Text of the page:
15-20 yards from the flames, the first move was to drag the crew further away from the wreckage.
This was done; however, it used almost all the strength we had. We moved
about 15-20 yards further away. Sp4 Carney was administering first aid
and gathering information on the extent of injuries and wounds.
Cpt. Buckley called Sp4 Wood over and got on
the radio. Several times during the events so far it seemed like we had
been sniped at from the thick growth on the opposite side of the paddy.
It was impossible to tell for sure because the metal of the burning ship
was snapping. Cpt. Buckley’s estimate of the situation: call for the
other two loads of infantry to be inserted and a medivac to be called
because he felt he needed stretchers for the leg and back injuries. Maj.
Earwood decided against such a move and decided to evac the wounded on
the lift ship. The lift ship in the meantime had extracted itself from
the mud and moved across
the rice swamp to get out of range from the
exploding ammo inside the burning aircraft. Upon hearing Maj. Earwood's
instructions to Cpt. Buckley, Cpt. Asay moved his ship back across the
rice paddy to within 30 feet of the wounded.
Cpt. Buckley, Sp4 Wood, & Sp5 Carney
carried, pulled, and dragged the wounded over to the ship. Since it was
impossible to get any footing in the mud and water, for every 3 feet we
moved we fell in the mud-all the time carrying our weapons and waiting
for the enemy fire that we were sure was going to open on us. The door
gunner climbed down from the ship and helped us lift the injured men
aboard. WO1 Shanahan
managed to climb aboard by himself.
Sp4 Pugh hurried over from the right front and
climbed aboard. Sp4 Wood climbed aboard and radioed SGT Carrillo that
there wasn’t enough room for Carrillo and Plamondo and that one of the
other lift ships would be in to pick them up.
With the four wounded and Carney, Wood, Pugh,
and Buckley aboard we took off for the aid station. Time: 9:15 am.
A second lift ship immediately landed and
picked up SGT Carrillo and PFC Plamondo.
During the 5 minute flight back to the aid
station Carney and Pugh continued to administer first aid.
We arrived at the aid station at 0923. The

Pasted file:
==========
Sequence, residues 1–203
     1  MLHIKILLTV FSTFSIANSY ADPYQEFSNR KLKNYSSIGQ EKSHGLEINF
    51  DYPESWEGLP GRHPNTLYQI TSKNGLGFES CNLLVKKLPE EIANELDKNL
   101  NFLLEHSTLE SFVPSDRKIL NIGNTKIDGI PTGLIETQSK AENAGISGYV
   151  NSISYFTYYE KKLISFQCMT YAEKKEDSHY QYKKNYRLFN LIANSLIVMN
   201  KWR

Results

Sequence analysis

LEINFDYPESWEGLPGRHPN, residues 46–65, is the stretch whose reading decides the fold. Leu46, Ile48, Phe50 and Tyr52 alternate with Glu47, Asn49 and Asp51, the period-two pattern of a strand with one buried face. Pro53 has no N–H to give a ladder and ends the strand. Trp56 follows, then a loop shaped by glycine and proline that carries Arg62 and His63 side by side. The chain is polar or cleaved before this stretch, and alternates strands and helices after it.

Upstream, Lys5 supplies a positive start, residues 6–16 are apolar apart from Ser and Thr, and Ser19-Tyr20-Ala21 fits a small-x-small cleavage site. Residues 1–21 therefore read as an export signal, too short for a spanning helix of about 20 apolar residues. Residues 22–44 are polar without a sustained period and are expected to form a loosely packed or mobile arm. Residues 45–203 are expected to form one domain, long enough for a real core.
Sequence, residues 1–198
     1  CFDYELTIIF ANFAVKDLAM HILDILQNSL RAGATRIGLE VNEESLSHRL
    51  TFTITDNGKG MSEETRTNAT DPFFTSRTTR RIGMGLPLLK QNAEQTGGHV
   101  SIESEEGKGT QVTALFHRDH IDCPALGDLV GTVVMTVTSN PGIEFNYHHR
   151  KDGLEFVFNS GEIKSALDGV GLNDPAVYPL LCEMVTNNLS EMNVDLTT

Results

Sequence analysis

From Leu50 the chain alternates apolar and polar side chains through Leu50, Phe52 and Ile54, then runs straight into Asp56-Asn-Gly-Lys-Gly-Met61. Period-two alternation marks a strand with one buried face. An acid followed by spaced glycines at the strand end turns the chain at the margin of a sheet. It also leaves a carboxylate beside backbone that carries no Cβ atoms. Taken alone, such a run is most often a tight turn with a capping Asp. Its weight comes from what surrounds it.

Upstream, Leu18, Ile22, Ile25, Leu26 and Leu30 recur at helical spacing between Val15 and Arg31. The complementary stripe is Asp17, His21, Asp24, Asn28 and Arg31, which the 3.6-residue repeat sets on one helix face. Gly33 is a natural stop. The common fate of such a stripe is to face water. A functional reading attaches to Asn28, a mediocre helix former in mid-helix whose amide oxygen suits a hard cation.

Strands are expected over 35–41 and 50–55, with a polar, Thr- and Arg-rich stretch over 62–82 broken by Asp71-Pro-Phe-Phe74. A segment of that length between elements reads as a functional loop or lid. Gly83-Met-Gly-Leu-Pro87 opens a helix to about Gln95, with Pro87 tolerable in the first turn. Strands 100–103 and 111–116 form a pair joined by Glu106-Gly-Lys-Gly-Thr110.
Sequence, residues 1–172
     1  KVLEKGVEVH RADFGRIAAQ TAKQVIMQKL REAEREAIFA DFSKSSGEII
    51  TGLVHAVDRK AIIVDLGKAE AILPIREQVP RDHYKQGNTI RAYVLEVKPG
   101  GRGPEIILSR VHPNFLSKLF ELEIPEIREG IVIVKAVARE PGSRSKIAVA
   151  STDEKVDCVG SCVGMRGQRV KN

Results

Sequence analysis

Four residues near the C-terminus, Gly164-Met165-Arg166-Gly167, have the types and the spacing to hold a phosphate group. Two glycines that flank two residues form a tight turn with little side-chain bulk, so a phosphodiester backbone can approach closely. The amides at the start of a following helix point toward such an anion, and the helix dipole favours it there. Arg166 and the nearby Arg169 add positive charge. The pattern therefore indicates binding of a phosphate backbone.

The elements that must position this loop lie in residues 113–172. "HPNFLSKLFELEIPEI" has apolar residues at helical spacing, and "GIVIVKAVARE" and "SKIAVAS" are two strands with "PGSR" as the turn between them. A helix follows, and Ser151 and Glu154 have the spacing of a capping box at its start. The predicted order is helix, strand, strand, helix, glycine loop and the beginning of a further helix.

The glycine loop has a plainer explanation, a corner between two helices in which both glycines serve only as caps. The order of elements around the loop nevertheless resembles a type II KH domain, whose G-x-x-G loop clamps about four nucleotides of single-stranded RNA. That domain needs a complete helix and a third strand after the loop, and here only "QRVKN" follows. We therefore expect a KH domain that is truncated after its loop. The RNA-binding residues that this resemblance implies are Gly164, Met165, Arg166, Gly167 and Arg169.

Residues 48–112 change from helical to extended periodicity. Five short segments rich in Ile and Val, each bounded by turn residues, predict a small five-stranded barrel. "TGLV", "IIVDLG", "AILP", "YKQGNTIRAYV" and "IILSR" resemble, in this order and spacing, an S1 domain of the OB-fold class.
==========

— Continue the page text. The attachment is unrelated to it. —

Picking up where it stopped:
injured were given additional first aid and a medivac helicopter called
in to take them to the hospital at Da Nang.
The Blues landed at the forward base at 0930
and again sat waiting. The waiting was not long. At 0945 WO1 Nicely
called in that his door gunner had been hit. Immediately Cpt. Buckley
jumped into the jeep and drove to the aid station. WO1 Nicely landed in
his scout ship. The doctors put a bandage on the wound which was in the
left wrist and started a bottle of plasma flowing in the man’s other
arm. I jumped on the helicopter, held the man’s arm steady so the
needle would not come out and held the bottle of plasma. We took off for
the field hospital at LZ Baldy. We landed 10 min. later. The wounded man
Sp4 Ventura was put on a stretcher and put aboard medivac ship for Da
We returned to the forward base and attempted
to piece together the events of the past hour.
After talking to WO1 Shanahan later in the
day, we found out that two machine guns had opened up on him and ripped
his ship right down the belly, destroying the controls and the engine.
The power lever was broken off in the crash and the fuel shut off switch
was shot away so that it was impossible for him to turn the engine off
after he crashed.
Brady was in surgery all afternoon. The bullets collapsed one lung and
tore him up pretty bad inside but the doctors said he’ll pull through
if no further problems develop. He is staying at Da Nang for 10 days and
then will be flown to Japan.
Sp4 Carter tore some ligaments in his knee
when he was thrown out of the aircraft. He underwent an operation in
Japan on the 18th. He’ll be ok in a couple of months. WO1
Bushette had a broken ankle and was sent to Japan enroute to the States.
WO1 Shanahan will be back in the Troop in about 3 more days – as soon
as the doctor takes the stitches out.
The aircraft was totaled: it broke into 5
pieces by the time it finally stopped.
All four men will be alright. No one can
really believe that they all got out of the aircraft. All four were
conscious all during the rescue.
The rest of the day was quiet.
The 18th we had a short uneventful
mission in the afternoon.
The 19th we set up for a mission
with the tanks and APCs for a search and clear mission in a village. At
1030 hours the lead tank hit a 500 lb. bomb. Thank God none of my
infantry were riding the tank. I had 5 men on an APC which was a few
yards behind the tank. They didn’t get hit. The tank protected them
from the flying shrapnel. To let you know what a 500 lb. bomb will do,
read on. The explosion picked the tank up 5 feet in the air and threw it
20 feet through the air. A tank weighs 52 tons. The four men in the tank
were all evacuated with moderate to serious injuries. Had an APC hit the
mine, everyone riding in or it would have been killed. We were lucky